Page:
(Left: In my studio working on a new drawing)

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2019 GNSI & AMBI Members' Digital Exhibit: Rendering Science - Clarity and Concepts

The 2019 GNSI and AMBI Members' Digital Exhibit: Rendering Science - Clarity and Concepts, is now available to view in the GNSI website image galleries. This excellent exhibit combined GNSI and AIMBI member’s work, showcasing traditional and digital illustration, photography and animation entries. From July 1 - July 7, the exhibit displayed across 5 projection panels in the main entrance of the Queensland Museum, and also in the auditorium adjacent to the main entrance.

The evening of the exhibit opening started with a water taxi tour on the Brisbane River, from Women’s College to downtown Brisbane. Walking to the museum from the water taxi stop included a look at the pelican bronzes by Leonard and Kathleen Shillam, an inner-city beach and lagoon, and a treetop squabble between a ring-tailed possum and a fruit bat! The exhibit reception was a highlight of our exceptional conference experience in Australia.

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Building Dinosaurs with Michael Holland

A new GNSI video is posted for your viewing pleasure!
Michael Holland_ Building DinosaursArtist Michael Holland discusses the materials, techniques, and knowledge he uses at the intersection of art and science to create skeletal reconstructions of dinosaurs.  Images of various processes are shown, and he presents work in progress - a famous and iconic Smithsonian dinosaur that has been on display for over a century - as you’ve never seen him (or her) before! 
Michael Holland has created exhibit features for a number of natural history museums, including the Museum of the Rockies, the U.C. Berkeley Museum of Paleontology, the Natural History Museum of Utah, and the Carnegie Museum of Natural History.  He recently finished his work on the Deep Time exhibition at the Smithsonian.
View the full-length talk on the GNSI YouTube Channel.

Product Review: Inktense Pencils

Product Review: Inktense® Pencils by Derwent®
By Minnelli Lucy France

M. L. France Inktense Fig. 1Are you looking for art materials that may not trigger allergies as severely as paints with fumes, or solvents from oils and acrylics? This summer, I was desperate for just that. To this end, I re-evaluated my various art media and in doing so I ventured upon new discoveries and artistic possibilities. Inktense by Derwent was one of my favorite new discoveries and is now rapidly becoming one of my main media.

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Non-Photo Blue Pencils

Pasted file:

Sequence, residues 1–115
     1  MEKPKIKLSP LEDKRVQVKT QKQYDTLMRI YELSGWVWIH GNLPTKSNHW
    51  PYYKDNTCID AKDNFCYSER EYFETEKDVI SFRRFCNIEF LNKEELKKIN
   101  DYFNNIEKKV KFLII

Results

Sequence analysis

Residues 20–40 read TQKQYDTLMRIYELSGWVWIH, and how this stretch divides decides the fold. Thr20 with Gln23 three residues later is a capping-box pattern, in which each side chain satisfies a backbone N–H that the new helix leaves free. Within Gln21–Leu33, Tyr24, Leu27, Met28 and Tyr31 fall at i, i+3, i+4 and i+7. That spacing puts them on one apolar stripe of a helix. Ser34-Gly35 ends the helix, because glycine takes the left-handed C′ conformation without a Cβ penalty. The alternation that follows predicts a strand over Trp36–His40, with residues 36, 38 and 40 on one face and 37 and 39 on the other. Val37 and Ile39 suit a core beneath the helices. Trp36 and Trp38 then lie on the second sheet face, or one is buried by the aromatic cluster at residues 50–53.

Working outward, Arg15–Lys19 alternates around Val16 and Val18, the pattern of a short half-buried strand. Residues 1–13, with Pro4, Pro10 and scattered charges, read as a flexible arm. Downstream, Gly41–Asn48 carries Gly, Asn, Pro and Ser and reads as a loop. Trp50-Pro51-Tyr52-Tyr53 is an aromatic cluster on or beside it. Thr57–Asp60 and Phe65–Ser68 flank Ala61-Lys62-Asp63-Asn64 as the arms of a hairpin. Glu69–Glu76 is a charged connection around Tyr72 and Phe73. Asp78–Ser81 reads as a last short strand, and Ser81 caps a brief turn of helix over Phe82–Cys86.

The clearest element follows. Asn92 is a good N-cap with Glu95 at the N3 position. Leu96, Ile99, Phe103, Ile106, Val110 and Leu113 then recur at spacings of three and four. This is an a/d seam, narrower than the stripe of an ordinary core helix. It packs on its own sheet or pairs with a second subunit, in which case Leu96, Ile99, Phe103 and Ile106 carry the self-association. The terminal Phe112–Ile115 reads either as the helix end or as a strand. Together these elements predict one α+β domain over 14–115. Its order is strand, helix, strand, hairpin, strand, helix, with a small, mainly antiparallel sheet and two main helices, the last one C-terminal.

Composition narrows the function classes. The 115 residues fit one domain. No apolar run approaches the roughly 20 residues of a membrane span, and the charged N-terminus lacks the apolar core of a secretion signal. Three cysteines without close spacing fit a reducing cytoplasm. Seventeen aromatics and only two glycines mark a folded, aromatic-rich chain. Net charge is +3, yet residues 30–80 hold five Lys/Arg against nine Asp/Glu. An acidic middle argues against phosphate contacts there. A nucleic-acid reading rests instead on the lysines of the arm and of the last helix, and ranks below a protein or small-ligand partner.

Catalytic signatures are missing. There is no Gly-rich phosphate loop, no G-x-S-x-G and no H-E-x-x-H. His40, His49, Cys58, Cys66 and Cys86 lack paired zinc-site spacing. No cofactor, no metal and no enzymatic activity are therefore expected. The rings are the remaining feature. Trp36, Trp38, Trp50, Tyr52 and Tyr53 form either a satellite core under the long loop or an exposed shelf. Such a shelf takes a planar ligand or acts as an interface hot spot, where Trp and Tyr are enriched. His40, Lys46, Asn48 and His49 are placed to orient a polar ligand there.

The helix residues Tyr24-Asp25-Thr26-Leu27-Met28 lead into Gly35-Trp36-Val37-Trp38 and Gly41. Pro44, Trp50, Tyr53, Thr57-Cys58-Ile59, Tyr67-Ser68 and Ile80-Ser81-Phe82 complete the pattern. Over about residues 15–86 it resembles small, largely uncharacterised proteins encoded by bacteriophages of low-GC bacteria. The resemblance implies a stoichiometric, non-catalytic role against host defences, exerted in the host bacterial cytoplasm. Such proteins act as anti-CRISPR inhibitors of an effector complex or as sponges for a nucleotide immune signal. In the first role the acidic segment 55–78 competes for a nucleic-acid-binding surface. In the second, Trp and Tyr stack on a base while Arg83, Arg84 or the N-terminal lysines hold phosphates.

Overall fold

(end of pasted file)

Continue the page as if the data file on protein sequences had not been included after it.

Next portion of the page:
I’ve only been using them to sketch for about four or five years since I discovered the artwork of John Muir Laws1,2—and became more inspired after attending the 2016 GNSI Conference in Santa Cruz where John was a presenter. I really like the freedom to work rough and loose without later worrying about the blue lines competing with the final sketch. This allows me to keep my final sketch and rough sketches together, i.e., in my sketchbook instead of using a separate sheet of paper (and light box/pad) to create the final piece. You can then digitally remove the blue sketch with Photoshop as I learned from Ikumi Kayama’s excellent demo on her YouTube channel. [The video is called Photoshop Tutorial for Scientific Illustrators: Separating Out Non-Photo Blue from Graphite.]


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The Great Auction

Great Auction _ White SharkTuesday, July 2nd, 7:00 PM – 10:00 PM, H. Marks Hall, Women's College. 

The annual GNSI auction is always a conference highlight, full of anticipation, suspense, and excitement!  The 2019 auction will be no different, although there will be some important things to take into consideration this year. Due to the greater distances traveled by many attendees, we will not be able to transport medium to large auction items. Instead, we will focus on small items that fit easily into luggage, AND a whole new suite of non-tangible items this year!  Start thinking about experiences that you might like to offer, such as:

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Registration Opens for the 2019 Brisbane Conference

Registration for the GNSI 2019 Annual Conference in Brisbane, Australia is now open! Click here to register for the Conference.
Please visit the conference website (http://2019gnsi-conf.org/) for all of the details about the conference. Here are the registration dates:
Early Registration opens: April 10, 2019 (US) / April 11, 2019 (AUS)
Early Registration closes: May 17, 2019 (US) / May 18, 2019 (AUS)
All Full Conference Registration closes: June 7, 2019 (US) / June 8, 2019 (AUS)
Day and Guest Registration will remain open through the conference, space permitting.

Call for Entries: Bow Seat Ocean Awareness Program

The Bow Seat Ocean Awareness Program is hosting the 2019 Ocean Awareness Contest, for young artists, thinkers, and activists (ages 11-18). The program is seeking entries with the theme of Presence of the Future.

Applicants are asked to create a piece about a coastal/marine species, place, or system that will be threatened, altered, or lost due to climate change. Submissions accepted include visual art, poetry, prose, film, and music. Deadline for submission - June 17th, 2019.

Accepted artists’ works will have an opportunity to exhibit in pop-up art shows and film screenings sponsored by the Bow Seat Program. Awards will also be presented to winners in their age divisions. A detailed call for entry and submission can be found here

2019 Paleoartists Survey

The blog Love in the Time of Chasmosaurus is conducting a survey of paleoartists to understand how paleoartists practice their craft: how they research their work, what they charge their clients, how they work towards scientific rigor and avoid repeating errors in existing work. The anonymous survey can be found here.